Yet, space dominators still fear opening up a debate over these issues. I suspect the discussion they fear is not with Moscow or Beijing, but with American public and the United States Congress.

    That could get complicated.

  3. Distiller (History)

    The idea Freedom of Action works only as long as it does not collide with physical reality.
    A Civil Orbital Administration (COA) would sure be a good idea. Though I’m sceptical about the UN in general, UNOOSA would be the right place for such a COA, and if it’s only to tie-together all the various monitoring activities of the nation states and supranational space orgs.
    No commercial operator is loosing any freedom by that.
    And the military aspect will always by nature be un-coordinated – the forces have to work around these problems by higher onboard awareness, increased maneuverability, and a rapid replacement capability.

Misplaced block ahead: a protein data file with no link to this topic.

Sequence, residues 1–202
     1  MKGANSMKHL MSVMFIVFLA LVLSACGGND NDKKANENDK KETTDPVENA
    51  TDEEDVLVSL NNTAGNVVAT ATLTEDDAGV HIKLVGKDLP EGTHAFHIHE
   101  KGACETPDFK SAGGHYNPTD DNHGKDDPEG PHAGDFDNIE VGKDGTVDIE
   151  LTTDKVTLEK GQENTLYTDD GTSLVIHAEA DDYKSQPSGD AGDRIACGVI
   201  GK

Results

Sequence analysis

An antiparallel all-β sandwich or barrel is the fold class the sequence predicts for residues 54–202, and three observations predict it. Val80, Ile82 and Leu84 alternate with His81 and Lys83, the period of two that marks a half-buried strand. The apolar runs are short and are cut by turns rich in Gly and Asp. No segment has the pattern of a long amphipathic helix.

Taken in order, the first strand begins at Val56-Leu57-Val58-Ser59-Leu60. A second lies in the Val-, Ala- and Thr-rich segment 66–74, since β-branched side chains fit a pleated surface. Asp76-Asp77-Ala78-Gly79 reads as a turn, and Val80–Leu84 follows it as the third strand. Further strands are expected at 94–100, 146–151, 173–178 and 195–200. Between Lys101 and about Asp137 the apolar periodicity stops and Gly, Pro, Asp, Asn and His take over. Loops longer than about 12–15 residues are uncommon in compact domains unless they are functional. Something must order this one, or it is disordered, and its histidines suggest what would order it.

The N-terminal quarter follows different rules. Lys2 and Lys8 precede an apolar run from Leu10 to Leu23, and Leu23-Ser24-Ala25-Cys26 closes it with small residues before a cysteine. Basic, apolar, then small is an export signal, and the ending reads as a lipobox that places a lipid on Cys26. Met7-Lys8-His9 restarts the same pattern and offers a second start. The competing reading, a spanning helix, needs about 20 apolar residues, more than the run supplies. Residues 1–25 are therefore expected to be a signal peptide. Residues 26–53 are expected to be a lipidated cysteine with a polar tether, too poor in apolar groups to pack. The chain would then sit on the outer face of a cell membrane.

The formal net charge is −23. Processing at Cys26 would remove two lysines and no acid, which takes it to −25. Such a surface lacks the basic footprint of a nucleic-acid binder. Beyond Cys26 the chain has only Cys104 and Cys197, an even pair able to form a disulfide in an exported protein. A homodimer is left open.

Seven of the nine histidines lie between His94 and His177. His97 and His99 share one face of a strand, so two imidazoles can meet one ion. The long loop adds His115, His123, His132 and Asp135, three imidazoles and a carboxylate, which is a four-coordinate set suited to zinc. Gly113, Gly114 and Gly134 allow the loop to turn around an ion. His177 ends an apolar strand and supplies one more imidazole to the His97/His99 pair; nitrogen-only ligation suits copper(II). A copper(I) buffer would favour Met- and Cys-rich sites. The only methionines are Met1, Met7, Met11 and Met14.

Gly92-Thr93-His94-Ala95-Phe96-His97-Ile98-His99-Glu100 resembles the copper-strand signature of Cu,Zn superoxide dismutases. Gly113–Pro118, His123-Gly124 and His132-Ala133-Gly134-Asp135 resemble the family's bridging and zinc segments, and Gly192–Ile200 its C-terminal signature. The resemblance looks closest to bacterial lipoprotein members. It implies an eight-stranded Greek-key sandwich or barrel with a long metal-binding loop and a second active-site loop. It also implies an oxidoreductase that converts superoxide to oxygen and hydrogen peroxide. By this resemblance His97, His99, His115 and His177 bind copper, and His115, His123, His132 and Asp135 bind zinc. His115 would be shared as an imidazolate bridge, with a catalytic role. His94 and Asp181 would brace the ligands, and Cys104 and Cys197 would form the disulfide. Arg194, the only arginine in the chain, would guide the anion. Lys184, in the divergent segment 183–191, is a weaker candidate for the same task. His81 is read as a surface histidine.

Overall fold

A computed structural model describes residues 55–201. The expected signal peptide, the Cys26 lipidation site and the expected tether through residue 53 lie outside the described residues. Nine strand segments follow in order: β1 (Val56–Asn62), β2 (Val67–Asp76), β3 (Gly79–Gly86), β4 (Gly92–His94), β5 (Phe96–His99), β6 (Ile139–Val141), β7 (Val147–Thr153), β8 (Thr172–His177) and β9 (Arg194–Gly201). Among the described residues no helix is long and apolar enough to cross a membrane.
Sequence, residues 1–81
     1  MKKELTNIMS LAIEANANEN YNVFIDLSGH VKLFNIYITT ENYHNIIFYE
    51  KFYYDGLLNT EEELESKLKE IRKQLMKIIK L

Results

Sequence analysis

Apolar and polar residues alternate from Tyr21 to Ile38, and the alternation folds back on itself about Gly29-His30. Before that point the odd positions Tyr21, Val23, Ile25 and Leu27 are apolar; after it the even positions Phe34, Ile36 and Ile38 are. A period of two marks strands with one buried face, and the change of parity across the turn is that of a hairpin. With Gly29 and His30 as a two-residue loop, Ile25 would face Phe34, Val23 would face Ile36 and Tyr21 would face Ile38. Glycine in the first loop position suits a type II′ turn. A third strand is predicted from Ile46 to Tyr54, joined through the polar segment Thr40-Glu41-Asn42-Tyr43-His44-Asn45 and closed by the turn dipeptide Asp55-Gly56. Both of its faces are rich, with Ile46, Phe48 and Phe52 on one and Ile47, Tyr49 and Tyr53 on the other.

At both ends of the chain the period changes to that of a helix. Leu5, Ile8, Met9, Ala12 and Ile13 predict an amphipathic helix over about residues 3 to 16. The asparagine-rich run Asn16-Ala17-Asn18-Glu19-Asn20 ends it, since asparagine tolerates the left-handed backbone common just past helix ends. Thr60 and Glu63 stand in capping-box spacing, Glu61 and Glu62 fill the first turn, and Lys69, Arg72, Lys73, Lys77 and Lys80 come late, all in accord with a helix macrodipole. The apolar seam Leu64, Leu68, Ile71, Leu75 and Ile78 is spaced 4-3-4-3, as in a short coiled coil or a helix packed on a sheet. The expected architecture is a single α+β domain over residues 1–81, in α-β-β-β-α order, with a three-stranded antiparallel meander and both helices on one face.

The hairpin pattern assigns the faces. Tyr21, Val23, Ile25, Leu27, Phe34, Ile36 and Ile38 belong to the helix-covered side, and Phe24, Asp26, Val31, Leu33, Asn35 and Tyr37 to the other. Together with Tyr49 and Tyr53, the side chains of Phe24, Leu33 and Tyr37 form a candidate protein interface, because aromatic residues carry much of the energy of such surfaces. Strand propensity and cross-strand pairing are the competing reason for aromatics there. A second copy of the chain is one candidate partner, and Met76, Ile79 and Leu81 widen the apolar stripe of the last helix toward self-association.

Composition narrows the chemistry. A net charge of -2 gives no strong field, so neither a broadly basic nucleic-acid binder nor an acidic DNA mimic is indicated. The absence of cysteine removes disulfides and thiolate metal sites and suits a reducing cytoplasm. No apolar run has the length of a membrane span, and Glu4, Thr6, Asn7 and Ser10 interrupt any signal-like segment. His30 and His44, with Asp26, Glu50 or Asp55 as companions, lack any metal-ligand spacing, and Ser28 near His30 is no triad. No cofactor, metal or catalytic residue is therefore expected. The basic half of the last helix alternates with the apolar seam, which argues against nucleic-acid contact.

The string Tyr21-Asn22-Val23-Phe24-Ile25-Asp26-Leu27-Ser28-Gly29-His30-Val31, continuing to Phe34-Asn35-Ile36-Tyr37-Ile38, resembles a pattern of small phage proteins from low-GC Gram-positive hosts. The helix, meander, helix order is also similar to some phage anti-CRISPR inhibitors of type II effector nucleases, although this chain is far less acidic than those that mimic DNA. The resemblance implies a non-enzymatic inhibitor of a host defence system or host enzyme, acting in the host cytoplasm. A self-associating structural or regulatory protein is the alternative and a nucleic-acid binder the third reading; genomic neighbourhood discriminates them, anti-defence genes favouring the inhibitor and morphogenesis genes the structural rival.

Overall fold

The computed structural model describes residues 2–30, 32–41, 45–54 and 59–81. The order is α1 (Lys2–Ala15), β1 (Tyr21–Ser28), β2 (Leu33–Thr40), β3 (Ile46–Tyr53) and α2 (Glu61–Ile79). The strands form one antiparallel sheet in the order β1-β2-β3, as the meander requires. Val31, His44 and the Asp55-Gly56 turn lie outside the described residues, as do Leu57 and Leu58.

But in the end it’s a technical problem, and the 50% or so dead sats up there need a technical solution. Meaning orbital tow trucks in the form of suicide microsat tugs (perfect for group launch on Ariane V and the like), which latch on the target and crash it into the atmosphere.

    For the future a global treaty is needed that all sats have to be crashed at the end of their life.
    Btw, I think that, at least for GEO, the actual parking positions in crowded areas is a lesser problem than the transfer to that spot.

    For debris maybe at some point a laser is strong enough to vaporize it. Commercial job for AL-1?

  4. Major Lemon (History)

    Lets please get some perspective. This is a FIRST in over 50 years of space flight. Let me tell you, worse things happen at sea.